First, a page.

The following scholarships are available to anyone who is enrolled in the graduate Certificate in Dementia program. The amounts vary from $500 to $1,000 or more. Applications are accepted during the month of April of each year for the following academic year. For more information please contact Jayne Yatczak, Director, at firstname.lastname@example.org.
This scholarship was created in memory of Mr. Robert and Mrs. Edna Gates. Mrs. Gates was a spirited and dynamic woman who for many years had a challenging professional career in Washington government. She fought a courageous battle against the ravages of Alzheimer's disease and was one of the original residents of Huron Woods. Mrs. Gates' determination to succeed in leading a normal life for as long as possible taught us about the importance of maintaining and enhancing the personhood of individuals with dementia. Students from any graduate program can apply for this award; they must be able to demonstrate a commitment to caring for individuals with dementia.
This memorial scholarship was established by Ruth Husung in honor of Ms. Mary Schroder. Ms. Schroder was a career member of the nursing faculty of the University of Michigan. She was one of the original residents of Huron Woods. Ms. Schroder believed all individuals deserved quality care and should be treated with dignity. As a professional nurse, she modeled compassion, caring and sensitivity toward others and dedication to quality patient care. She also believed that music and spiritualism were essential components of life regardless of health status. The Certificate in Dementia reflects these values. The recipient of the scholarship will be selected based on the individual's commitment to these values as an integral part of their professional practice.
This scholarship was created in loving memory of Mrs. Sarah Graf, one of the original residents at Huron Woods (a dementia residential program on the campus of St. Joseph Mercy Hospital in Ann Arbor). Mrs. Graf, a child prodigy pianist, had a passion for the cultural arts, particularly dance, theater and opera. She was also a very dedicated piano teacher who was loved by her students. This scholarship is awarded annually in the fall to a student interested in developing and/or refining skills in designing meaningful experiences for people with dementia through music, movement, reminiscence, art, or sensory stimulation. In order to be eligible for this award, the student must demonstrate a commitment to working with older people with dementia and be enrolled in, or a graduate of, a clinical program such as Music Therapy, Occupational Therapy, Nursing, Therapeutic Recreation, Social Work, or Psychology.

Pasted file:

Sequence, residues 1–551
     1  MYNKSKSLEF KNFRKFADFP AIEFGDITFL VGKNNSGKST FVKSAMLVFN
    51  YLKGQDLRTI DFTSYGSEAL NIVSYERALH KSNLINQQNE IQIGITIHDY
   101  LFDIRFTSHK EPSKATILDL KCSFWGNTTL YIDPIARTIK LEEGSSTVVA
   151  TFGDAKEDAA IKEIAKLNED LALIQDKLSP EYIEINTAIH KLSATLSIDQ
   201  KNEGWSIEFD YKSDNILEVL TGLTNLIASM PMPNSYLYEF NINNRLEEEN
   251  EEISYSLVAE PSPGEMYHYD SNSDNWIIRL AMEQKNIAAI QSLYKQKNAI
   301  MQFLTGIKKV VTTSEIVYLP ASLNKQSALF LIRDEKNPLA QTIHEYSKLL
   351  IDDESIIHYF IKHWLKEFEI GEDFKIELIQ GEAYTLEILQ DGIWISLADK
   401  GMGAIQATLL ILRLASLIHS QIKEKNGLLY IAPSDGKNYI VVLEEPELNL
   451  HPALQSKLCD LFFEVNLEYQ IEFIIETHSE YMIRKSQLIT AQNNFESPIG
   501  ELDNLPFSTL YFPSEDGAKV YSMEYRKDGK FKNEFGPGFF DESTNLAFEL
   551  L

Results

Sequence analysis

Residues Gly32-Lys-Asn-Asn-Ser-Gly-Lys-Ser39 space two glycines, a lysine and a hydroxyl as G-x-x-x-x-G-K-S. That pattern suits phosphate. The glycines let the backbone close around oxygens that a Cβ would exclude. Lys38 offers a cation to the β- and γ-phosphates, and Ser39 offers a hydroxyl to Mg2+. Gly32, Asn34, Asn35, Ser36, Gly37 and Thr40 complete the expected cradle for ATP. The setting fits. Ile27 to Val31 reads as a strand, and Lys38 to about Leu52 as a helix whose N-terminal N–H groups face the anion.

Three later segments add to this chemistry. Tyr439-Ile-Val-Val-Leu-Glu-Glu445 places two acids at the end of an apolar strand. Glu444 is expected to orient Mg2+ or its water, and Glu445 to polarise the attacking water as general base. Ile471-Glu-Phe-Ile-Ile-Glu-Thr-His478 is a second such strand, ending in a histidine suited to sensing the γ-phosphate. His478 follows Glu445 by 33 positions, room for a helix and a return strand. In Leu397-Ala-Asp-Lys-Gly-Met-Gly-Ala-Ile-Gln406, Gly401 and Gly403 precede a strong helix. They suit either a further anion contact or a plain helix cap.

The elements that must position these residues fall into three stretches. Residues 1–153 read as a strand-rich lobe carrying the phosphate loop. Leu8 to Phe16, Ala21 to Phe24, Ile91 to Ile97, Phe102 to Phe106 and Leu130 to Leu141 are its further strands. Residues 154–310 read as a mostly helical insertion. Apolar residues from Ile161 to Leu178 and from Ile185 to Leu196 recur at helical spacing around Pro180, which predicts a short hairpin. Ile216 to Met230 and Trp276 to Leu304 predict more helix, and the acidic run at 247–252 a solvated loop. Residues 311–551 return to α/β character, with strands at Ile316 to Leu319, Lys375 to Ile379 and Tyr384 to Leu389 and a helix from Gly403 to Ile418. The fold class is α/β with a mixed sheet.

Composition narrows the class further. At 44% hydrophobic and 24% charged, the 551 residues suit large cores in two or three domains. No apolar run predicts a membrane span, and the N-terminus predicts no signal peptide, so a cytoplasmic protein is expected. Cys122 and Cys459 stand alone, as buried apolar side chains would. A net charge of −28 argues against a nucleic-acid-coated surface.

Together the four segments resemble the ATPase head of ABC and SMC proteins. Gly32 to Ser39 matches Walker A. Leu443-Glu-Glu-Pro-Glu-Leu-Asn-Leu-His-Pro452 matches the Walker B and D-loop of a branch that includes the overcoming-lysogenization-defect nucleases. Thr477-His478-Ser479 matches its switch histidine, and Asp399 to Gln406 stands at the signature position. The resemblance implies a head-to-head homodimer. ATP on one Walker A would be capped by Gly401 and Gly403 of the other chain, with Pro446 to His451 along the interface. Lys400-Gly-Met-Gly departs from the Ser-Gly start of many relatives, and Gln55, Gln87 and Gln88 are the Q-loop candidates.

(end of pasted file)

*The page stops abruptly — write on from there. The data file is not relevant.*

The Helen A. Grzadzinski Endowed Scholarship was established by Catherine Cart, Patricia Jorgensen and Paulette Trombley, daughters of Helen Grazdzinski, as a way of expressing their appreciation for their mother's care, Helen's daughters established a scholarship in her memory to provide specialized education for students, particularly nurses, to become qualified professionals in dementia care, Helen's daughters hope that by providing this exceptional assistance, other families will enjoy the benefits of the peace of mind that comes with knowing that their loved ones are in the care of specially trained nurses and other professionals.
Helen Ann (Bochenek) Grzadinski was born August 29, 1916 in Hamtramck, Michigan. She was a hard-working woman who held positions as a shampoo girl in a local hair salon and who also cleaned houses in the neighborhood. Several years after graduation from Hamtramck High School, Helen met her husband, Peter Grzadzinski, and was married in 1941. They raised four children. Helen returned to the workforce and was hired by Ford Motor Company as one of Ford's first female Quality Control Inspectors. She retired from Ford after twenty-five years of service. For recreation, Helen enjoyed reading, bowling, playing cards, bingo and watching and listening to Detroit Tigers and Detroit Lions games. It was during Helen's time at a nursing home that her daughters grew to appreciate the ways the nurses cared for their mother. They believe it takes a special person to care for people with dementia.